He’s a bad dancer.
But he still got on stage in front of thousands of people to show how bad he was.
He’s an underwhelming motivational speaker.
But he still got on stage in front of thousands of people to show just how bad he was.
It didn’t help that he was sweaty too (Hot tip: Don’t wear a light blue shirt if you’re prone to perspiration).
A few years later, he tried the motivational thing again. It didn’t really work that time either.
This was after he’d just splashed out $2 billion to buy the Los Angeles Clippers NBA team.
The bad dancing, sweaty, non-motivational gentleman in question is Steve Ballmer.
Widely considered an equally bad CEO of Microsoft, we’re here to stick up for Mr. Ballmer. We’ll argue he didn’t do a bad job at all.
In fact, we’ll say that the biggest criticisms many have of him (his lack of vision and unwillingness to innovate) were the qualities that helped ensure Microsoft is where it is today.
After all, it’s still one of the world’s largest and most successful companies.
We bring this up because investors should pay close attention to the Microsoft story when playing the market’s current megatrend – Artificial Intelligence (AI).
We’ll explain why below.
But first, let’s recap today’s market action…
The S&P 500 closed up 1.05% to end the day at 4,237.86… the NASDAQ gained 1.64%, to close at 13,061.47.
For individual stocks, Microsoft closed up 2.35% to $346.07… Apple ended higher by 1.87% at $173.97… and Tesla ended the day at $205.66, a 2.4% rise.
In commodities, West Texas Intermediate crude oil trades at $80.90… gold is $1,987.20 per troy ounce… and bitcoin is $34,594.88.
And now, back to our story…
Ballmer’s No Fool
Before we go too deep into the story, some important facts.
Steve Ballmer was one of the early employees at Microsoft. He was Bill Gates’ right-hand man almost from the beginning, right until Ballmer became CEO in 2000.
As an early employee, Ballmer also benefited from a generous stock ownership deal. So generous that today Ballmer is fifth on the Bloomberg Billionaires Index.
His estimated total net worth is $117 billion. That puts him ahead of Facebook founder Mark Zuckerberg, Oracle founder Larry Ellison, Google founders Sergey Brin and Larry Page, and investing legend Warren Buffett.
In fact, he’s only $5 billion behind Gates in terms of wealth. (He has a ways to go to catch up with Elon Musk, who ranks number one with a total net worth of $193 billion.)
So, Ballmer is no fool.
But it’s not so much Ballmer’s wealth that interests us. Instead, it’s how he managed Microsoft through the dot-com bear market so that today it stands as the second biggest listed company – with a market cap of $2.5 trillion.
The fact is, it’s not easy to stay at or near the top. Microsoft is proof of that, both in terms of stock market value and its products.
But it has been done.
Of course, there was no guarantee things would turn out that way. Microsoft has faced several threats. Regulators in the U.S. and Europe forced it to “unbundle” the Internet Explorer browser from its Windows operating system.
It faced competition from open-source versions of Word and Excel. The resurgence of Apple and its desktop computers in the early 2000s, for a time, was a realistic threat to its business.
The emergence of smartphones and tablets, again for a time, had many wondering if the public even needed computers at home anymore.
And remembering the biggest example of Ballmer’s lack of imagination – it was when he reportedly said the Apple iPhone was, “not a very good email machine.” Well, 2.3 billion iPhone sales later, turns out it’s a pretty good “email machine.”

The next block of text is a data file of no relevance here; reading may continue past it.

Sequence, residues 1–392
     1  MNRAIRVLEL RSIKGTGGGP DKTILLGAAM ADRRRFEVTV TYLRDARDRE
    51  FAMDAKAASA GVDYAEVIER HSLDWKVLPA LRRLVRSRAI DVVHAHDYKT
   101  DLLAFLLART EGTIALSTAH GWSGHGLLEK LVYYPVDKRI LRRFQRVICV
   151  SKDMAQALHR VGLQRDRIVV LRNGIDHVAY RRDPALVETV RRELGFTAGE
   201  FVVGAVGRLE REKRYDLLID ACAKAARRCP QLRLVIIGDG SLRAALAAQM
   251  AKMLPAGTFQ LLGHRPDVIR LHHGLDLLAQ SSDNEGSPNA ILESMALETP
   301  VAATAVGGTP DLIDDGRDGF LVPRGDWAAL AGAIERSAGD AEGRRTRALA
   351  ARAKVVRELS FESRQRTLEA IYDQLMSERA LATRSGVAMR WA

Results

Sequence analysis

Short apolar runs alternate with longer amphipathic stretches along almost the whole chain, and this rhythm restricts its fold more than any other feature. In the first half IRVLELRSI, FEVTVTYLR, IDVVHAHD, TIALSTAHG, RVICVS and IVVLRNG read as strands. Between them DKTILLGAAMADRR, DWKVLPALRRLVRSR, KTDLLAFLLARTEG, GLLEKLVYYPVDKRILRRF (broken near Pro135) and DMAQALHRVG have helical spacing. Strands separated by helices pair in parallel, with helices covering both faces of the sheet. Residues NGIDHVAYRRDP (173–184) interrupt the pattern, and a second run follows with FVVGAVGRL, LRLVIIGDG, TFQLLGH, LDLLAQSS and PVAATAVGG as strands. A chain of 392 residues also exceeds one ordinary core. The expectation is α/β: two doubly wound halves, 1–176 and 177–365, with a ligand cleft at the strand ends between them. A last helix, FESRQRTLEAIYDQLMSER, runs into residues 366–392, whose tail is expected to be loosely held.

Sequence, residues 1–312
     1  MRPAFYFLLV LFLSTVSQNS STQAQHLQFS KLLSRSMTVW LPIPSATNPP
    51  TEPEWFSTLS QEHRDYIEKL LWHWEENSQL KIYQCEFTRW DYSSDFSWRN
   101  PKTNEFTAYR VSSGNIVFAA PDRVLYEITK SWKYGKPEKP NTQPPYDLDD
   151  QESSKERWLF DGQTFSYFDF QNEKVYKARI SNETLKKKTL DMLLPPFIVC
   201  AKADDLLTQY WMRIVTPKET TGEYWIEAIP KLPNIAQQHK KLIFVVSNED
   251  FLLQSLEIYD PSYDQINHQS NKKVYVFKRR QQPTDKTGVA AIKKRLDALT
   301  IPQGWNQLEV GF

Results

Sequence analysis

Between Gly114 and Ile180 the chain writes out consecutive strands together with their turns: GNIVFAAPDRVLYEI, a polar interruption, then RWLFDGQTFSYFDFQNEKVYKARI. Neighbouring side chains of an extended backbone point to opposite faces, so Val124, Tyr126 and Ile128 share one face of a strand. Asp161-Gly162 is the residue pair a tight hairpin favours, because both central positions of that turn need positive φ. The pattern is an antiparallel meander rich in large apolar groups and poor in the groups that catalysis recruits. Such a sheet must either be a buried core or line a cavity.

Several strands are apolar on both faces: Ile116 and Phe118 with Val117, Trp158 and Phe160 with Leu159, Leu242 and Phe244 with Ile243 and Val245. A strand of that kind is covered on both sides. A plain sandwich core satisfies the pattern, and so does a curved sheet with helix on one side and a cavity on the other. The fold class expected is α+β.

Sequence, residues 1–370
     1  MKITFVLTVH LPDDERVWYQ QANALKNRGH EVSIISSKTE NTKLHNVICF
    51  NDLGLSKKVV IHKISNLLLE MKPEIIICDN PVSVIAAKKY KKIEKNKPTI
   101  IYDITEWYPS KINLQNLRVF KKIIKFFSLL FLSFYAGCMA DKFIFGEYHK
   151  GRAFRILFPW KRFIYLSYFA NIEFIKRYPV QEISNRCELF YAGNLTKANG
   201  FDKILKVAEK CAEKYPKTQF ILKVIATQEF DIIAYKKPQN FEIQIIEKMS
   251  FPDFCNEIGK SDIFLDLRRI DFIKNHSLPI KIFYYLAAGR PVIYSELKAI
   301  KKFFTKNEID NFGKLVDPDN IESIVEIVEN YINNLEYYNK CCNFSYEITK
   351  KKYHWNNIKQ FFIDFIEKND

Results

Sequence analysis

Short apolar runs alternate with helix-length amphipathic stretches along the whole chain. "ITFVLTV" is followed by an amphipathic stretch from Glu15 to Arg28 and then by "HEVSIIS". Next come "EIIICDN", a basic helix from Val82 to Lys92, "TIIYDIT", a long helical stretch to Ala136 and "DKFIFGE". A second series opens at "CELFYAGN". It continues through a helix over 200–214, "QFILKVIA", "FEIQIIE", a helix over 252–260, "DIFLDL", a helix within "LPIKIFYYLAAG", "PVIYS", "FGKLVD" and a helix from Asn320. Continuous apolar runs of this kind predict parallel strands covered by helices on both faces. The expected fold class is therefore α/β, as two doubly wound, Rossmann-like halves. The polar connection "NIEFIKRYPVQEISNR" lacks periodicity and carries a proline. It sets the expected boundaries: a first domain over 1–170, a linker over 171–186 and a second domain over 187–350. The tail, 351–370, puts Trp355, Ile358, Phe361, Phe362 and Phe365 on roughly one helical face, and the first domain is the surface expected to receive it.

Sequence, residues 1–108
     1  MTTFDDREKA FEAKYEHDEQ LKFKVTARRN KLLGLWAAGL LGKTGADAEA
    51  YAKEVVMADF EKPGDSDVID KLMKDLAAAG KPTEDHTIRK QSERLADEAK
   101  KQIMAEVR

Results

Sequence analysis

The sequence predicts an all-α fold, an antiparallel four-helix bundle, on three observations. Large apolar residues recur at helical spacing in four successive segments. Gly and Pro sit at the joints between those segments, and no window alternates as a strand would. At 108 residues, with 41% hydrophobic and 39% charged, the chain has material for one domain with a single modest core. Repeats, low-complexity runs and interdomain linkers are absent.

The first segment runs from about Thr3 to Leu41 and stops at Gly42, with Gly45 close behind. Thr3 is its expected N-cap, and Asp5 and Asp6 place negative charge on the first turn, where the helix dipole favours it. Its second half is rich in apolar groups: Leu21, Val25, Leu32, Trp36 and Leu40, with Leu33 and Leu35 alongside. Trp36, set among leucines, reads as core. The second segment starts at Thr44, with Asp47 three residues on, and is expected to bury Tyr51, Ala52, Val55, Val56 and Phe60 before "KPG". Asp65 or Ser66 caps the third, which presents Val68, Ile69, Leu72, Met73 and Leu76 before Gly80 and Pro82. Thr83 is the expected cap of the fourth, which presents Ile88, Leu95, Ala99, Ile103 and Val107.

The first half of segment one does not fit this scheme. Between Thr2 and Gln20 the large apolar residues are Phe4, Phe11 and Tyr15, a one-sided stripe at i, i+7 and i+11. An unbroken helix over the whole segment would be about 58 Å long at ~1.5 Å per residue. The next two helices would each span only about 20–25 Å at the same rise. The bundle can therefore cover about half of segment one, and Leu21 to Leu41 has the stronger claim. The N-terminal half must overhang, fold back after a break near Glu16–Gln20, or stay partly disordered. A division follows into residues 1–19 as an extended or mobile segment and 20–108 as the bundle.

Any one of these situations could easily have killed Microsoft.
So, was it luck? Sound management? The inability of other firms to capitalize? Or was it just that Ballmer knew not to do anything stupid?
Multiply Wealth with Asymmetric Bets
Our hunch is that it was a mix of all three. A company doesn’t become a market-dominating force on luck alone. At some point, there was an initiative to make that happen.
The same goes for staying at the top. Even recent history is full of market-leading companies that have fallen into oblivion: Blackberry, Ericsson Mobile, Nokia Mobile, General Electric, Kodak, and more.
The reason this is relevant today is that there’s a new wave of tech innovation, AI.
There’s nothing that guarantees the AI stars of today will be the stars five or 10 years from now.
20 years ago, Microsoft was the market leader in PC operating systems. Today, Nvidia is the leading chipmaker for AI.
Nvidia’s dominance in AI has shown up through its stock price and market cap. It passed the $1 trillion mark earlier this year. That makes it more than six times more valuable than the more well-known Intel Corp.
Intel, by the way, is an example of a market-dominating company that has struggled to maintain its dominance. Like Ballmer’s Microsoft, it has been accused of not innovating and of being complacent.
In fact, Intel is now only the seventh-largest chip company by market cap. And its market cap is $60 billion less today than it was in 2001.
So why has Microsoft succeeded where Intel has stagnated? Smarter brains than your editor’s will likely tell you the full detailed story.
The simple answer is that it faced competition from multiple rivals in a commoditized industry.
Microsoft’s greatest asset was that once Windows and the Office software became ingrained in everyday usage at home and work, people felt comfortable with it.
And of course, people wanted to be sure they could share documents easily, without worrying if others could open and read them.
That made Microsoft Windows and Office the default choice. It wasn’t worth the hassle to try something new. Microsoft was the winner.
Once Microsoft had the dominant position in operating software, it needed new places to invest if it was to keep growing. So it used the cash flows from its dominance to invest in other companies.
It bought the social media site LinkedIn, for example.
And then it even started its own video game division by creating the Xbox console. The recent pickup of Activision Blizzard now makes Microsoft a video game powerhouse.
In another time and place, the story could have been different.
That’s why we like Teeka Tiwari’s approach to the AI story…
Teeka’s beat is helping regular investors multiply their wealth by making asymmetrical bets.